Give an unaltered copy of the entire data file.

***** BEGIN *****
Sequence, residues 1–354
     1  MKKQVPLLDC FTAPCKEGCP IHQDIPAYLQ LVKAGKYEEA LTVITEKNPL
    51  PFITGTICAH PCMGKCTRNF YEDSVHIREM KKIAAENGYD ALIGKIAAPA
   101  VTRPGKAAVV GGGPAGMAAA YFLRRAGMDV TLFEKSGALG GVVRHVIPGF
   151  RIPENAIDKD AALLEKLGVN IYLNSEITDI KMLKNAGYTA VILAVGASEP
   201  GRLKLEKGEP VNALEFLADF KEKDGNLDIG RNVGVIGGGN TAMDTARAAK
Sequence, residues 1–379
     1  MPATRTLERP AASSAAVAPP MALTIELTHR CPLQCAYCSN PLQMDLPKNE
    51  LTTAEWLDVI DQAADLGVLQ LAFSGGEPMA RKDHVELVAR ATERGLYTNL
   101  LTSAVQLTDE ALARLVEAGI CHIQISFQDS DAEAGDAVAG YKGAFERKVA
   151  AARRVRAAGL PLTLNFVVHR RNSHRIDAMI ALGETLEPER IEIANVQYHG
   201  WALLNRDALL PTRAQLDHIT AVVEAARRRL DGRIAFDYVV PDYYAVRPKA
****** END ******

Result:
Sequence, residues 1–354
     1  MKKQVPLLDC FTAPCKEGCP IHQDIPAYLQ LVKAGKYEEA LTVITEKNPL
    51  PFITGTICAH PCMGKCTRNF YEDSVHIREM KKIAAENGYD ALIGKIAAPA
   101  VTRPGKAAVV GGGPAGMAAA YFLRRAGMDV TLFEKSGALG GVVRHVIPGF
   151  RIPENAIDKD AALLEKLGVN IYLNSEITDI KMLKNAGYTA VILAVGASEP
   201  GRLKLEKGEP VNALEFLADF KEKDGNLDIG RNVGVIGGGN TAMDTARAAK
Sequence, residues 1–379
     1  MPATRTLERP AASSAAVAPP MALTIELTHR CPLQCAYCSN PLQMDLPKNE
    51  LTTAEWLDVI DQAADLGVLQ LAFSGGEPMA RKDHVELVAR ATERGLYTNL
   101  LTSAVQLTDE ALARLVEAGI CHIQISFQDS DAEAGDAVAG YKGAFERKVA
   151  AARRVRAAGL PLTLNFVVHR RNSHRIDAMI ALGETLEPER IEIANVQYHG
   201  WALLNRDALL PTRAQLDHIT AVVEAARRRL DGRIAFDYVV PDYYAVRPKA